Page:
Hey, there's a new Metroid game out. It's for the Nintendo 3DS, and it's called Metroid: Samus Returns. Maybe you're aware; it's the first Metroid game Nintendo's given us since 2010's much-disliked Metroid: Other M for the Wii (well, barring Federation Force, a cute side-game whose name is synonymous with Satan's amongst Metroid fans).
Kat adores Samus Returns. I'm a big fan of it, myself. The game commands a strong overall score on Metacritic, and most Metroid fans have latched onto it.
Key word: "Most." The game has a handful of vocal critics who aren't fans of how Samus Returns looks, sounds, and / or plays. For example, I've heard people call the game's visuals "ugly," its soundtrack "boring," and its counter-system "clumsy." Another common complaint is that the boss battles against the Metroid menace quickly becomes repetitive.
While I disagree on all these points, I still think they're valid criticisms. However, there's one complaint I can't abide: "We don't need Samus Returns. We already have AM2R, and it's much better."
"AM2R" is the popular acronym for "Another Metroid 2 Remake." It's a fan re-construction of Metroid II: Return of Samus for the Game Boy by Milton "DoctorM64" Guasti. AM2R is excellent. I enjoyed every second I spent with it when it came out last August, before Nintendo pulled it down. Guasti's work attracted the attention of Moon Studios, and now he's working on the sequel to Ori and the Blind Forest. The team is richer for having him.
Guasti's talent doesn't change the fact AM2R is much different than Samus Returns, however. Neither game is a replacement for the other.
There are several reasons why it's pointless to pit the two games against one another:
- Combat in Samus Returns is more involved than in AM2R – The counter system in Samus Returns is a new idea in the Metroid series. When an enemy comes directly at Samus (indicated by a gleam of light coupled with a satisfying "dog clicker" sound), that's Samus' cue to counter with a melee attack and a well-placed beam. By contrast, the combat in AM2R is more about pumping as many bullets and missiles into your foes as possible. Both attack methods are great. Fans of classic Metroid prefer the latter, but I personally love making an enemy reel when it tries to nab me. There's been some complaints about how Samus Returns' melee counter slows down gameplay, but I don't think that's the case. Once you have the Wave Beam and Plasma Beam (combined with Samus' ability to shoot in all directions), the counter becomes unnecessary against weaker enemies.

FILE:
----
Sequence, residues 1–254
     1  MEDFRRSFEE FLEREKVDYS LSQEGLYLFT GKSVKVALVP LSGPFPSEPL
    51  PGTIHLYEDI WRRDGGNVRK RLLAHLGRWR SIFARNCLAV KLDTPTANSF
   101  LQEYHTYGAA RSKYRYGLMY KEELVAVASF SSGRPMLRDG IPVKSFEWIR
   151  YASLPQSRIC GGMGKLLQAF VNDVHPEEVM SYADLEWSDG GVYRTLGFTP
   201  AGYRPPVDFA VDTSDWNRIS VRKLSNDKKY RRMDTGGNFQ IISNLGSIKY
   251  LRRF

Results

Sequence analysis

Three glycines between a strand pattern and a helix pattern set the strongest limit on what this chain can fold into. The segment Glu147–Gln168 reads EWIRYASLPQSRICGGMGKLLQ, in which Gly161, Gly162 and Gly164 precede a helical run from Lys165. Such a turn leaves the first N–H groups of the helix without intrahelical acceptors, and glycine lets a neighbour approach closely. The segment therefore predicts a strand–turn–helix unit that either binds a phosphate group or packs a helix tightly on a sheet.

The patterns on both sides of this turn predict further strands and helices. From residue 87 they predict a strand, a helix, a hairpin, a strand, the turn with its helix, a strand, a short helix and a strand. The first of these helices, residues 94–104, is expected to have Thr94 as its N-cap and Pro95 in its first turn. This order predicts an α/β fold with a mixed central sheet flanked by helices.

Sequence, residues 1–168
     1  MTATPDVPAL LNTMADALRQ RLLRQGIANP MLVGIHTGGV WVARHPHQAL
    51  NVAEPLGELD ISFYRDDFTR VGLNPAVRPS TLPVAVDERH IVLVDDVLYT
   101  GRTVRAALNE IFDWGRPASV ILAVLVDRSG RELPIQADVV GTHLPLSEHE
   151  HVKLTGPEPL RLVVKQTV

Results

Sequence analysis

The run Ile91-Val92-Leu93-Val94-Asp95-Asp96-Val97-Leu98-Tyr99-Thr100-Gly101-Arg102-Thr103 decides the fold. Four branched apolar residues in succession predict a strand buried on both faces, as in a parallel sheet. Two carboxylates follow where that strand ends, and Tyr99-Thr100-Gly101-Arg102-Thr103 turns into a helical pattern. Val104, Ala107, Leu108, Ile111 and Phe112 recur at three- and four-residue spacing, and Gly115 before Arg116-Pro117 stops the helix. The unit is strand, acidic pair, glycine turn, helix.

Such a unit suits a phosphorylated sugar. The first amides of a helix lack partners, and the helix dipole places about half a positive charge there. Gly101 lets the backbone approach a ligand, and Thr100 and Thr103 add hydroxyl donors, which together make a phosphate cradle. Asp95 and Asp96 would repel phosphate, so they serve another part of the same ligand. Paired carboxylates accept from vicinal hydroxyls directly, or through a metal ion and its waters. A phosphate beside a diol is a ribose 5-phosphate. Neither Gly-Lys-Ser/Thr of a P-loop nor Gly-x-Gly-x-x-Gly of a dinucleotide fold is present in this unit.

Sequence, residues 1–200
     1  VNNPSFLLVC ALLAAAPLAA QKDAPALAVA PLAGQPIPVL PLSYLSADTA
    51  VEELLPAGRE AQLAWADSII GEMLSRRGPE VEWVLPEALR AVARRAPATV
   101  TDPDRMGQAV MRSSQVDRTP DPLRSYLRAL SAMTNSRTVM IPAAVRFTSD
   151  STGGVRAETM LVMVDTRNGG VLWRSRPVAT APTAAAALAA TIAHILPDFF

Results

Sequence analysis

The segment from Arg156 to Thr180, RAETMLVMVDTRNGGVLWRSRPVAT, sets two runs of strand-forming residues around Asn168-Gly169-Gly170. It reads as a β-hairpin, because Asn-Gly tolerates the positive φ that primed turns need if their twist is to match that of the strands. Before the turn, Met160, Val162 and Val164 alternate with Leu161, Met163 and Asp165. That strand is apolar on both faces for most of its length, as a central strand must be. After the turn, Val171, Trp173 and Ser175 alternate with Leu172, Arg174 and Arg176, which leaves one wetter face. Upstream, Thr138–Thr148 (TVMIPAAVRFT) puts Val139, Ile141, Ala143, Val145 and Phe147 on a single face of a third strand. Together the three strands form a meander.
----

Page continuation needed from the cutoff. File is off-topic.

- Boss fights in Samus Returns are likewise more involved compared to AM2R – I've seen complaints about the fights against the Metroids in Samus Returns, including accusations that the fights are too repetitive. Well, here's the thing about that: Hunting down and fighting Metroids is Metroid II's whole schtick. At least Samus Returns tries to mix things up by giving Metroids elemental attacks, and by treating us to little cinematics when Samus lands a melee counter against one of the space-parasites. I don't think I'll ever get tired of watching the bounty hunter pry open a Gamma Metroid's beak and feed it a barrage of missiles. Much as I love AM2R, its Metroid fights aren't nearly as cool – though I will admit I'm not a fan of how Samus Returns makes you go on a merry chase to deliver the finishing blow to some of its Metroids.
- AM2R is the "Metroid II Zero Mission" we've wanted for ages; Samus Returns is another animal entirely – Zero Mission did an incredible job bringing the first Metroid game into the modern age. It's no wonder we spent years thumping our heels on the ground for a Metroid II remake. Thing is, Samus Returns doesn't modernize Metroid II so much as it retools the whole experience from the ground-up. AM2R, however, is more like what most of us had in mind for a Metroid II Zero Mission. It utilizes sprite-based graphics, it gussies up familiar landscapes, and it tells its story through non-invasive log entries and interludes (Samus Returns relies almost exclusively on visuals).
- Samus Returns is an official game; AM2R isn't – Like it or not, this is an important point. However you feel about AM2R, supporting it over Samus Returns won't convince Nintendo people want to see more Metroid games. Though certain aspects of MercurySteam's project might not click with you, it's not a sub-par game by any means/
In a world that doesn't have nearly as much Metroid as it should, I'm glad Samus Returns and AM2R exist. They deliver very different looks, sounds, and experiences. There's no reason to fight over which one is "better."
If you're just unsure about which Metroid II game you ought to play, well –
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